The exhibition’s accompanying catalogue is the first publication to focus on Bodmer as a portraitist. Catalogue essays examine Bodmer’s artistic practice within the context of nineteenth-century ethnography; the international dissemination of his images; and the ongoing significance of his work to Indigenous communities. Over fifty watercolor portraits are reproduced, accompanied by a selection of the artist’s landscapes and village sites.

Faces from the Interior was organized by the Margre H. Durham Center for Western Studies, Joslyn Art Museum, in association with The Metropolitan Museum of Art (New York, NY). In Spring 2021, the exhibition was one of the first rotating installations to complement The Met’s new installation of The Charles and Valerie Diker Collection of Native American Art. After Joslyn, the exhibition travels to the Amon Carter Museum of American Art (Fort Worth, TX; October 29, 2022–January 22, 2023).

Guy Goldstein
10/2/2021 - 1/2/2022

Guy Goldstein (Israeli, born 1974) maintains a hybrid practice as a visual artist and musician. Exploring the shifting relationships between sound and image, Goldstein considers how sonic and visual experiences overlap and inform one another. During Fall 2019, Goldstein lived in Omaha for one month at Bemis Center for Contemporary Arts. The inaugural resident artist in Bemis’s Sound Art + Experimental Music Program, Goldstein spent his time in Omaha conceptualizing a new, multimedia project for Joslyn's Riley Contemporary Artists Project (CAP) Gallery.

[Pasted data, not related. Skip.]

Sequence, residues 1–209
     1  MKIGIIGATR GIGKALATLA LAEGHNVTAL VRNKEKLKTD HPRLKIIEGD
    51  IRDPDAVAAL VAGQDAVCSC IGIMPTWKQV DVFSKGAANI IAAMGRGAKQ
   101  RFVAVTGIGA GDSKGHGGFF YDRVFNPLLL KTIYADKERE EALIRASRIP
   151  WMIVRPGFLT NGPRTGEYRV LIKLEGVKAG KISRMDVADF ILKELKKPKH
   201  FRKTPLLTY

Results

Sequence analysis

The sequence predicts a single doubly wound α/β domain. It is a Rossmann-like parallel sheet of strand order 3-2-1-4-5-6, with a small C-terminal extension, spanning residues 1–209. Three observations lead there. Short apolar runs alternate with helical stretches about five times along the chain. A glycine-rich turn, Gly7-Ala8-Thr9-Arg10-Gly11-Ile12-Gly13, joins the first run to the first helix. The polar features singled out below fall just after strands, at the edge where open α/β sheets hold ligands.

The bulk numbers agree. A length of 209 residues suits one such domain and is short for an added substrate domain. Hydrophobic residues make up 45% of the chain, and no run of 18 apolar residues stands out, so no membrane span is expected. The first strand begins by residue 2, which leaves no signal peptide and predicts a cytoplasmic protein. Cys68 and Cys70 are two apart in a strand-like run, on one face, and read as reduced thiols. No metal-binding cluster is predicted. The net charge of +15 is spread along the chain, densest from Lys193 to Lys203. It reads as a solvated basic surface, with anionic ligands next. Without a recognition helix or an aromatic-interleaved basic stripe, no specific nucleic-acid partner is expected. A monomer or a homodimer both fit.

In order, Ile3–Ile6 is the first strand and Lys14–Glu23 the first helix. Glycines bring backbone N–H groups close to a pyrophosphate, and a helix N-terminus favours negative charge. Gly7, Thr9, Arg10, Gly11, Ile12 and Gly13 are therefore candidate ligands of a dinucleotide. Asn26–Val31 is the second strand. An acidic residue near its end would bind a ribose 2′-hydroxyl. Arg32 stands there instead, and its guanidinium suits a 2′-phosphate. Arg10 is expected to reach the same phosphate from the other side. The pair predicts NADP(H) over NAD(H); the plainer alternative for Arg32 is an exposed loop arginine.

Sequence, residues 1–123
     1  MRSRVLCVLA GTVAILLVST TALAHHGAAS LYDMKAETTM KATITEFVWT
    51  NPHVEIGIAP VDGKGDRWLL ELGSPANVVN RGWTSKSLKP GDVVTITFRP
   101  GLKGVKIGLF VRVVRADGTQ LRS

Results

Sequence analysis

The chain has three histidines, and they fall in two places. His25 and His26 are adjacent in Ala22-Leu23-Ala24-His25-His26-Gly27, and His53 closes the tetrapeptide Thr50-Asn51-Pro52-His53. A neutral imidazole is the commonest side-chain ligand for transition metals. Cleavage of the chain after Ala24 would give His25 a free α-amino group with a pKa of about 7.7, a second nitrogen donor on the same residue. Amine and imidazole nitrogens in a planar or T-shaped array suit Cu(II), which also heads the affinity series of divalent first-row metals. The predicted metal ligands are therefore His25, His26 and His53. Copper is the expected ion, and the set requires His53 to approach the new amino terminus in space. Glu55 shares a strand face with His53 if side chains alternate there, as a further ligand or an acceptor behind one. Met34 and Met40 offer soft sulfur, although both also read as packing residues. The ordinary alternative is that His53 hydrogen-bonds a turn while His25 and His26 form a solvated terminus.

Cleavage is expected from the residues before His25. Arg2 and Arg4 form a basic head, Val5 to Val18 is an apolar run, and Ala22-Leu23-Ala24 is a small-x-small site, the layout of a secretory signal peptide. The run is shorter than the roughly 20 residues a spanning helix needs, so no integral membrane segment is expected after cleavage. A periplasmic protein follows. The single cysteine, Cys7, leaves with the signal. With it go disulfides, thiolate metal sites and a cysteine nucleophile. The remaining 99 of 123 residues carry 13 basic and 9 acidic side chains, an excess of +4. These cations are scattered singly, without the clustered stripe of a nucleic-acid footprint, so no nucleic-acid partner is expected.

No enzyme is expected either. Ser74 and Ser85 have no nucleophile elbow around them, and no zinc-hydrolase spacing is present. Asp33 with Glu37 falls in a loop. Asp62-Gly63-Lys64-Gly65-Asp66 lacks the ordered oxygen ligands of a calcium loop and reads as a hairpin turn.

Goldstein’s work often responds to historical and contemporary narratives that shape the identity of a place. The Bemis building—a warehouse built in 1887 for the Bemis Inc., a bag company—and the Old Market’s history as a hub of labor and manufacturing provided inspiration for Goldstein’s Omaha project. Scouring Bemis’s fourth floor—a vast materials archive available to artists-in-residence—Goldstein discovered bags filled with work gloves that became the starting point for Der Sekundenmacher, 2020, a video the artist filmed during his residency. In the video, Goldstein lumbers through Bemis’s vast spaces with scales strapped to his feet, a commentary on how we “measure” the value of labor. The artist laboriously collects the gloves and stuffs them into a piano, which he then attempts to play. Following production of the video, Goldstein sewed the gloves together to create a tapestry-like wall hanging that removes the functionality of these items while evoking the many tasks they may have seen.

Guy Goldstein's exhibition at Joslyn is supported by the Shirley and Leonard Goldstein Supporting Foundation.

Karen and Doug Riley Contemporary Artists Project Gallery exhibitions are supported by Douglas County, Catherine & Terry Ferguson, and Sara Foxley.